B.C. couple ordered to remove laminate flooring after strata wins legal fight
A B.C. condo owner has been forced to rip up their new laminate flooring and will likely have to replace it with carpet after the strata took legal action over the new floor.
The issue started when condo owners Andrea and Elijah Beretta ripped up their existing laminate floor because it was old and worn and emailed the Strata NW313 manager about their renovations.
According to a Feb. 17 B.C. Civil Resolution Tribunal decision, the Beretta's said in the email they would not replace any carpets with laminate flooring and just replace like for like. They asked about the bylaws and the building manager sent them the building's bylaws.
A month later, the Beretta's sent another email to confirm their renovations were just about to start and again reiterated the flooring would be replaced with like-for-like materials.
They then went ahead and did the work.
However, a month later, the strata president contacted the couple saying there was a "rumour circulating" that they'd put new laminate floors in their living room, hallway and dining room.
The strata said the flooring was contrary to its "hard surface flooring" bylaw.
The Beretta's said as they already had laminate flooring throughout the entire main floor, which predated the bylaw that prohibited such flooring, they were allowed to install new laminate flooring.
The strata disagreed and ordered they remove the flooring.
The Beretta's refused, so the strata took legal action and launched a case at the B.C. Civil Resolution Tribunal.
READ MORE: B.C. couple sue strata after multiple attempts to block renos
In the decision, the Tribunal parses through the building's bylaws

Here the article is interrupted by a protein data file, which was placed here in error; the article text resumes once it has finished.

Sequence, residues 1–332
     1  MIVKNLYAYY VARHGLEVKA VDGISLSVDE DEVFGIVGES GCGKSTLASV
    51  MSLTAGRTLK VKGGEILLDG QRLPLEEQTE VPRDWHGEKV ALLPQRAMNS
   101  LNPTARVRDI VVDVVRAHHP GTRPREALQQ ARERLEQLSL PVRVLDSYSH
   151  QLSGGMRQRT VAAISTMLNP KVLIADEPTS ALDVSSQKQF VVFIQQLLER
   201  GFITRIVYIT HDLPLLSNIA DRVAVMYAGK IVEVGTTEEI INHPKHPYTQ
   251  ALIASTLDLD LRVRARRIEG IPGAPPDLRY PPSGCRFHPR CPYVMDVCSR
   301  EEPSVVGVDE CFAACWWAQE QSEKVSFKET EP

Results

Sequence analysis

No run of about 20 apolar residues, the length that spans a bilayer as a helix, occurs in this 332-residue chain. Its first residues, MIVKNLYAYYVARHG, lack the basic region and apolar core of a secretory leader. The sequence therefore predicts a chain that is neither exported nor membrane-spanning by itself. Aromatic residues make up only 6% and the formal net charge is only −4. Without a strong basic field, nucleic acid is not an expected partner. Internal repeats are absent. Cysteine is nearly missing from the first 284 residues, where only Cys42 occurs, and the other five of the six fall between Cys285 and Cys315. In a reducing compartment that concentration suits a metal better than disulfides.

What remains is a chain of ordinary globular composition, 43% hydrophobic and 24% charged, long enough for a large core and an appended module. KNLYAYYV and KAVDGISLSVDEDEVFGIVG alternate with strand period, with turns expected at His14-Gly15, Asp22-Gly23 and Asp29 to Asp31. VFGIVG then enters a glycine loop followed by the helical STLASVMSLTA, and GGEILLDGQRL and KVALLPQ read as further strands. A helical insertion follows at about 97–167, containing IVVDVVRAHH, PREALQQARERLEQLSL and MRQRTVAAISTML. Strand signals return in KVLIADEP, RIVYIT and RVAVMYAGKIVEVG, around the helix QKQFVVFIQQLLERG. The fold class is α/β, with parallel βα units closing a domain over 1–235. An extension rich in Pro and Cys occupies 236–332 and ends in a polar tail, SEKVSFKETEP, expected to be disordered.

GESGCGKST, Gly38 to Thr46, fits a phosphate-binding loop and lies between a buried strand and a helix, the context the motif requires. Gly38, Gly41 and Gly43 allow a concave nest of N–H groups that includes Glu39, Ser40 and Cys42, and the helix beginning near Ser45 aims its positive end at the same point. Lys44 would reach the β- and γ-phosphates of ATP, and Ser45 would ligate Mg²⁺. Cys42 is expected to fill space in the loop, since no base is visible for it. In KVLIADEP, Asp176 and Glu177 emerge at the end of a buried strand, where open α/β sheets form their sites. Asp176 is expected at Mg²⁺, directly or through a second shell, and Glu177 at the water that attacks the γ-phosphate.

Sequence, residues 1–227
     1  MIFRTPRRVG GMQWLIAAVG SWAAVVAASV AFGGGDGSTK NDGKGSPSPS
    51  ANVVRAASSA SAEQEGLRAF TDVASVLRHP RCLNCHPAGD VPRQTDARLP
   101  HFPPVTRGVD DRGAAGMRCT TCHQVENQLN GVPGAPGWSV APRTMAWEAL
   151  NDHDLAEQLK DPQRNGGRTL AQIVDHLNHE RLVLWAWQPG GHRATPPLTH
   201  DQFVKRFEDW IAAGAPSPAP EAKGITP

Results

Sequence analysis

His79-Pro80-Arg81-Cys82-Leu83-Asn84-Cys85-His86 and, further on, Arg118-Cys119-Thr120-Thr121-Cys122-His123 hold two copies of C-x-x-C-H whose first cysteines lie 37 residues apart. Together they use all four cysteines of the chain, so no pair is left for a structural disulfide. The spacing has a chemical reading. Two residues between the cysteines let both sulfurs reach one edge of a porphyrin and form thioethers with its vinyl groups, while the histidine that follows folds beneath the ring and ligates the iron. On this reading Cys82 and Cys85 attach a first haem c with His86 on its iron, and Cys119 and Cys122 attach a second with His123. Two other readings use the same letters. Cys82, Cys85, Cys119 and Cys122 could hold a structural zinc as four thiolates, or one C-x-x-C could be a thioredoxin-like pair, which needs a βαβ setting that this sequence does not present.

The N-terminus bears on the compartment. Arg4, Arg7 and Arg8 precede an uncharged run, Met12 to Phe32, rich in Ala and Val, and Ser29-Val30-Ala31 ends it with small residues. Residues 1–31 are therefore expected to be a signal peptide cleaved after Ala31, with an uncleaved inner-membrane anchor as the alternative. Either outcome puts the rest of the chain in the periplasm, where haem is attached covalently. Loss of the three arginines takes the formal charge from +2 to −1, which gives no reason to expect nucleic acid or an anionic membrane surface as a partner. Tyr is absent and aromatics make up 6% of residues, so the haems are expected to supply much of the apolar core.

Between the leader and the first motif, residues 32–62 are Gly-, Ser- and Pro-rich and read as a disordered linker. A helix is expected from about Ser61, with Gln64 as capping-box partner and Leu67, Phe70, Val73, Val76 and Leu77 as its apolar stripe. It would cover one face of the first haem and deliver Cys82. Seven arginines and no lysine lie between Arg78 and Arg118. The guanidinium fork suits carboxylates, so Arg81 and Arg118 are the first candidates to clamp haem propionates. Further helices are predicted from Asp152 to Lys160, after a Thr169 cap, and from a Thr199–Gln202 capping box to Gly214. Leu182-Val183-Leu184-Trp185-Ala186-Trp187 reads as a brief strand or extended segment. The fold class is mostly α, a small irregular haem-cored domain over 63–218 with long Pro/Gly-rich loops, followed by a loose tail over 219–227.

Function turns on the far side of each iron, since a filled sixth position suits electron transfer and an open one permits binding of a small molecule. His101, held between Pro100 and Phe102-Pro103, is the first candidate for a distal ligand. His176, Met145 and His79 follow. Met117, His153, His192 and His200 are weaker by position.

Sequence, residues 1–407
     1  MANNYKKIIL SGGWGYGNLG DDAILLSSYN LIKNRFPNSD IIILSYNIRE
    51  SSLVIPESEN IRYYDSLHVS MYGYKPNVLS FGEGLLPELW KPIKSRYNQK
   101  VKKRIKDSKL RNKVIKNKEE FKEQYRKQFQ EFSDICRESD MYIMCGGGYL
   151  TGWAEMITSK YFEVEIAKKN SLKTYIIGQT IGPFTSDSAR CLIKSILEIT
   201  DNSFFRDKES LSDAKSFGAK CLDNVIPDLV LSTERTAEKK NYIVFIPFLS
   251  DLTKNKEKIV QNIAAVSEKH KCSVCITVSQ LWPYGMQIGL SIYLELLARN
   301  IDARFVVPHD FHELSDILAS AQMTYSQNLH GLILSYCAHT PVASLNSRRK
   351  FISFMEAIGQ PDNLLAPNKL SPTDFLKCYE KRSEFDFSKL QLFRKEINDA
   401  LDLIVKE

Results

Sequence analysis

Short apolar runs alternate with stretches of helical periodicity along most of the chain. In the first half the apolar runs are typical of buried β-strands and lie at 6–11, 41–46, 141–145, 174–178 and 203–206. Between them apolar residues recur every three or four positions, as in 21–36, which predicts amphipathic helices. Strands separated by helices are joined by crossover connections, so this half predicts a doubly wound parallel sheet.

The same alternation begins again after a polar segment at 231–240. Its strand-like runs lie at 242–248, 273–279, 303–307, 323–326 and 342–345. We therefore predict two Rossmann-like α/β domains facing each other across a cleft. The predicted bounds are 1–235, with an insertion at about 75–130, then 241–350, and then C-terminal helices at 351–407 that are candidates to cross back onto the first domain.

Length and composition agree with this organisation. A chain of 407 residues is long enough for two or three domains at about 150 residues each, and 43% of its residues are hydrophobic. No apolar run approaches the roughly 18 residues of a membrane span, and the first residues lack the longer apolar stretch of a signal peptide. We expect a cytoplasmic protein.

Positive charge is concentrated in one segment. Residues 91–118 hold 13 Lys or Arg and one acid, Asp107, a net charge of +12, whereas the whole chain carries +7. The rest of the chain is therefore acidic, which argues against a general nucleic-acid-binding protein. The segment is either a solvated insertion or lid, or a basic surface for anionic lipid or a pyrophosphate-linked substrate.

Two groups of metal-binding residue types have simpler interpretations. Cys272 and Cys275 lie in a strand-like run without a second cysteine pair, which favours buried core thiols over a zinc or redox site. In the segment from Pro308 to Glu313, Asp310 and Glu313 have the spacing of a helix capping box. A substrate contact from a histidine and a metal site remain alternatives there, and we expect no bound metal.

"(The) bylaw... contains no retroactive exemption for strata lots with pre-existing laminate flooring, and no exemption for flooring replacements," the Tribunal ruled. "I find there is nothing in the bylaws that permits 'like-for-like' replacement of old hard flooring with new hard flooring."
The Tribunal ruled that while the couple could have kept their old laminate flooring, they weren't allowed to install new laminate flooring.
Separately, the Beretta's also argued that the strata treated them "significantly" unfairly as they'd informed the strata multiple times in writing about the new flooring and the strata hadn't objected until it was installed.
In deciding this, the Tribunal looked at the exact wording of the emails in which the Beretta's had sent.
One email said they'd be replacing "all flooring and underlay in home, with same material as already pre-existing in (the) entrance, stairwells, main floor and top floor."
However, the Tribunal said the email didn't specifically say the laminate flooring would be installed in the living room or dining room.
READ MORE: Kelowna man loses legal battle with strata over vacation rental
The Beretta's argued that some strata council members knew the entire main floor of the condo was laminate and they assumed there would be no problem.
"If the Berettas had specifically informed the strata that they planned to replace the laminate flooring in their living room and other areas outside those permitted in (the) bylaw, they would likely have had a reasonable expectation that the strata would not later object," the Tribunal ruled "However, since the Berettas’ correspondence with the strata did not explicitly say where they planned to install laminate flooring, I find their expectation was unreasonable."
The Tribunal then gave the couple three months to remove their new laminate flooring and replace it with flooring that doesn't meet the definition of "hard surface flooring," – which will likely be carpet.
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